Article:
Ed Driscoll

David Dinkens' Fickle Finger of Fate

As Mark Hemingway wrote at the Washington Examiner on Tuesday after watching Charlie Rangel’s rambling speech on the House floor,  “Rangel: Sure there’s an economic emergency, but ‘what about me?’”

Examiner congressional reporter Susan Ferrichio’s report on the 37-minute floor speech by Rep. Charles Rangel, R-N.Y., is a must read. It’s bad enough that Rangel remains so defiant, but his hubris is appalling — see this less than cogent defense:

“Don’t leave me swinging in the wind until November,” Rangel said at the conclusion of his speech. “If this is an emergency to help our local and state governments out, what about me?”

Incredibly, following Rangel’s rant, some members of Congress told Ferrichio they are still willing to defend him:

Rep. Emanuel Cleaver, D-Mo., said he does not think Rangel is being treated fairly and that even though he advised Rangel not to take to the floor and give the speech, it was a good think in the end.

“The message I hope everyone got out of it is that this can happen to them,” Cleaver said.

I addressed the Rangel double standard at length last week. Let’s just take one of the many charges against Rangel: “Last year, the Sunlight Foundation claimed to have documented 28 instances in which ‘Rangel omitted assets worth between $239,026 and $831,000 that were either purchased, sold, or held from his financial disclosures.’”

That could happen to you? You could — oopsie! — simply fail to declare assets worth over $200,000, and do it 28 times?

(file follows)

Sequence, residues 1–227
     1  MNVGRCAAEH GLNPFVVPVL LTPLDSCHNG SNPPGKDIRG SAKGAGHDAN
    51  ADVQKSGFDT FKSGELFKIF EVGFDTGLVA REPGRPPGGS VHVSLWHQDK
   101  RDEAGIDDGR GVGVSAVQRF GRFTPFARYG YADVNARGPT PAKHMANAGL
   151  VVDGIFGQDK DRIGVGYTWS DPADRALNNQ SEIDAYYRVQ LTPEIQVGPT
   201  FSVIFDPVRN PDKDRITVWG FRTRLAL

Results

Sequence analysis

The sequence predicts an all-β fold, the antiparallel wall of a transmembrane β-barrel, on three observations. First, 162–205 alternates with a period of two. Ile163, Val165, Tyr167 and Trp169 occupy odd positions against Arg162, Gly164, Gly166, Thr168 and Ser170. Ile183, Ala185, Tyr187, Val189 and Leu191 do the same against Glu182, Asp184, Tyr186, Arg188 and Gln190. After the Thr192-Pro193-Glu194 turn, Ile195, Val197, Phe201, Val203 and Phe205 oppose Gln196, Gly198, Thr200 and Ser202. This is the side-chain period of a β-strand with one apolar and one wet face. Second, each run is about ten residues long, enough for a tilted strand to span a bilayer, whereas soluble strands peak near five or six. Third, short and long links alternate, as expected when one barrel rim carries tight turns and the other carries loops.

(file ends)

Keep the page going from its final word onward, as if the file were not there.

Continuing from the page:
I advise you to try that when you file your taxes. When the IRS comes to arrest you, give the armed federal agents a 37-minute stemwinder where you say, “Forget about the law, what about me?” Let’s see where that gets you.

Well, if you’re powerful Democrat lifer with a “what–me worry?!” attitude and loads of equally powerful friends who don’t care at all what the optics look like, it can get you quite a bit, no matter how ugly it looks to the rest of us. As Jonathan Tobin writes at Commentary, “Democrats Fail to Notice the Latest Writing on the Wall:”

Back in 1884, when Republican presidential standard bearer James G. Blaine sat down in New York for dinner with some of the wealthiest and notorious men in America, including financier Jay Gould, the gathering was widely lampooned in the press as a new version of the Book of Daniel’s Belshazzar’s Feast that preceded the fall of Babylon. The point was that the GOP and its cash-and-carry candidate was so blinded by its alliance with plutocrats that they were unable to read the proverbial writing on the wall. Unfortunately for Blaine, there was no latter-day Daniel available to translate that writing for him, and the scandal-plagued candidate became the first Republican to lose a presidential election in 28 years.

Last night, some 126 years after “Belshazzar Blaine” dined his way into the history books, that corrupt feast of the politically blind was replayed in the Big Apple. Except this time it was the Democrats’ assuming the part of the powerful potentates who care nothing about the rapidly approaching day of political judgment. The 80th-birthday party for embattled Rep. Charles Rangel at the Plaza Hotel drew out the high and the mighty of the New York Democratic Party: Senators Charles Schumer and Kirsten Gillibrand and gubernatorial candidate Andrew Cuomo all showed up to express solidarity for Rangel despite the numerous ethics violations with which he has been charged. A day after Rangel defiantly harangued the House of Representatives, challenging them to expel him for his pay-to-play shenanigans and tax cheating, the paladins of the party of the people were unashamed to associate themselves with the new poster child for congressional corruption.

Indeed, the most telling moment of the evening may have been before the festivities started when, according to the New York Times, former mayor David Dinkins responded to a heckler outside the hotel (who told him, “You know you are attending a party for a crook”) by giving that citizen the finger.

Meanwhile, another former media darling, who’s even further to the left of Dinkins, is also keeping it classy.

And of course, as we all know, it’s all Bush’s fault anyhow.